[SASAG] Thoughts on last night's "presentations" meeting

Hal Pomeranz hal at deer-run.com
Tue Feb 13 08:50:16 PST 2007

De-cloaking for a moment to chime in on this thread.  Forgive
me if some of what I'm stating below was covered in the presentation.

> Giving presentations is a form of /performance art/. Just as Robin
> Williams, Steven Wright, and Carlos Mencia deliver their performances
> very differently, while pleasing their audiences equally, professional
> speakers tend to develop rather different styles of delivery too. You're
> free to do what you want, and experiment, and see what works for you.

I would even take this a step farther.  The best speakers have a 
presentation style that is uniquely theirs.  This is part of what makes
them interesting to listen to.

That being said, one of the best ways to improve your own public
speaking ability is to observe other people giving presentations and
note what's good/bad about the speaker, talk content, presentation
materials, etc.  In this respect, it's useful to be conscious of the
"classic rules" for presentations so that you can rate how well the
speaker tends to follow the rules.  And, yes, it's perfectly possible
to follow the rules and be lousy or break all the rules and be great,
but what you want is quantitative data to compare against your subjective 
opinion of how "good" the presentation and the speaker were.

One public speaking class I took actually gave students a checklist
for evaluating other speakers as part of the training materials.  This
exercise massively improved my own public speaking ability by making
me hyper-conscious about the good/bad aspects of other speakers'
presentations.  Unfortunately I'm not allowed to distribute this
proprietary instrument freely, but you could easily make your own by
simply putting a 1-5 or 1-10 scale against each of the "classic rules".  

By the way, in case it wasn't obvious: NEVER share your ratings with
the person you're observing, ESPECIALLY if they're a friend of yours.
Hurt feelings are the only possible outcome.  Remember that these are
your subjective judgements, and the presenter will typically have
very different opinions about their performance.

> * most of the research on how to give presentations was done /way/
>   before computers became presentation instruments,

Yes, although slide projectors and classic transparencies (viewgraphs)
were in heavy use.  

There's also been some fairly recent research slamming Powerpoint for
it's lack of information density, "domineering" approach to
presenter-listener dynamics, etc.  Those studies struck me as being
conducted by somebody with an axe to grind, but they were interesting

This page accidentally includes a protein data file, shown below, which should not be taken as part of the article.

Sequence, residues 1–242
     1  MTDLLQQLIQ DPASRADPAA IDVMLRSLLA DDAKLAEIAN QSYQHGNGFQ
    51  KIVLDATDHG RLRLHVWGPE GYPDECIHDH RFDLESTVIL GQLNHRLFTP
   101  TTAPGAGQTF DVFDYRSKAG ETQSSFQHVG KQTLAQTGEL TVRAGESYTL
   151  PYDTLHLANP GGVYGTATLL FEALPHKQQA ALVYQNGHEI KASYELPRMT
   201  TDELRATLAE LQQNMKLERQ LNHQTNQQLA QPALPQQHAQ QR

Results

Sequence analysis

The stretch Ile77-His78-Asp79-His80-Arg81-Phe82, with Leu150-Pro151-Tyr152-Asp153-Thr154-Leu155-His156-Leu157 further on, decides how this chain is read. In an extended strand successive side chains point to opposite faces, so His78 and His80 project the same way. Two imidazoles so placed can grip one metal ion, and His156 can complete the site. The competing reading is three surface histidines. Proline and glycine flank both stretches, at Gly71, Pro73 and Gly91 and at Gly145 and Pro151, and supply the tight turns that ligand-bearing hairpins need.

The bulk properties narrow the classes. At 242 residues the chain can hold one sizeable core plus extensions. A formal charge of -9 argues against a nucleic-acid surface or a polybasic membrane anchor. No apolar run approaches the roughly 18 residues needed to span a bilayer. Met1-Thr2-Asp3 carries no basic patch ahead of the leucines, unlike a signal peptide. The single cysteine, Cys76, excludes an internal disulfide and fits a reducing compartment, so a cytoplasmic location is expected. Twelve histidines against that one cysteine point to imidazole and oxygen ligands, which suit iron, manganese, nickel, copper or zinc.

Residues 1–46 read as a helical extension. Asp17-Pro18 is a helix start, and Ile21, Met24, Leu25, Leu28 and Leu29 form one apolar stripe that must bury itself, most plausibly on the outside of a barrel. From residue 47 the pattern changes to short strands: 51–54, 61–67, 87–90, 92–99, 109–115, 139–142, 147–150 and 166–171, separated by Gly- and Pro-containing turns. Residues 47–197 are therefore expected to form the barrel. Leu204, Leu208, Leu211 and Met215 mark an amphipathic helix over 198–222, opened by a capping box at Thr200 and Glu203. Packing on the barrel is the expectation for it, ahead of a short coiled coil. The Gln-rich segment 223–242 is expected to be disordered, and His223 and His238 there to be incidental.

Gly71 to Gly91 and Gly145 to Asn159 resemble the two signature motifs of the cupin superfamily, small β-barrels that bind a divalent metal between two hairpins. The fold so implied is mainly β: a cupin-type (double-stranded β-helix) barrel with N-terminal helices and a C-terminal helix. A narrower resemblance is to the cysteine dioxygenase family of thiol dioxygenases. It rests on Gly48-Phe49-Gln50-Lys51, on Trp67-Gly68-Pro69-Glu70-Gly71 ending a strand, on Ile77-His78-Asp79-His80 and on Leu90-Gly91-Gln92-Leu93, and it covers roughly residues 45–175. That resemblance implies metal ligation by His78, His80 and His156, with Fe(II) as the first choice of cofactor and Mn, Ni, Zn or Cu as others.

reading nevertheless (no pointer available, sorry-- perhaps Google can

> * most of that research was never confirmed through "replications" of
>   the experiments (meaning you can't necessarily believe the results),

I'm not sure this is true (I'm not sure that it isn't-- I'd have to
go back and review the relevant research).  The sample sizes were
pretty large as I remember.

> * and most of that research was based on presentations designed to
>   convince you to /buy a product/ or /change your mind/ on some issue.

This is true.  The classic studies were all pretty much focused on
SELLING in one form or another.  And the classic response to your
criticism is that even if you're giving a purely informational
presentation (like a Perl tutorial) you're still "selling" yourself
and your ideas to the audience.

Whatever.  It's fairly obvious that "our crowd" reacts badly to the
canonical "babies and puppy dogs" sales techniques.  But (you'll
excuse the expression) don't throw the baby out with the bath water--
there still is an awful lot of good presentation advice in the classic

> Finally, as I'm sure Leeland will agree, I'd like to say that giving
> presentations can be fun and rewarding, and a valuable skill to have.
> Don't worry too much about following "the rules", just dive in and
> try your hand at it and find out if it's something that you'd like to do.

Well I agree with you anyway.  

One of the best ways to differentiate yourself from other tech
workers, particularly in IT, is to be able to communicate effectively.
This means not only in formal presentations, but also in meetings,
informal hallway discussions, and writing (including email).

Hal Pomeranz, Founder/CEO      Deer Run Associates      hal at deer-run.com
    Network Connectivity and Security, Systems Management, Training

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